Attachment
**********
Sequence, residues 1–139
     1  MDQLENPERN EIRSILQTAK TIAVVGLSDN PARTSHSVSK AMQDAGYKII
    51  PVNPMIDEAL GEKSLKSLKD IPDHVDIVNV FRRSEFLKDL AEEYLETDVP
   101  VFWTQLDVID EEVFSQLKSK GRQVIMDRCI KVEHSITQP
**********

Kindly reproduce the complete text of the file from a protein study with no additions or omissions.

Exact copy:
Sequence, residues 1–139
     1  MDQLENPERN EIRSILQTAK TIAVVGLSDN PARTSHSVSK AMQDAGYKII
    51  PVNPMIDEAL GEKSLKSLKD IPDHVDIVNV FRRSEFLKDL AEEYLETDVP
   101  VFWTQLDVID EEVFSQLKSK GRQVIMDRCI KVEHSITQP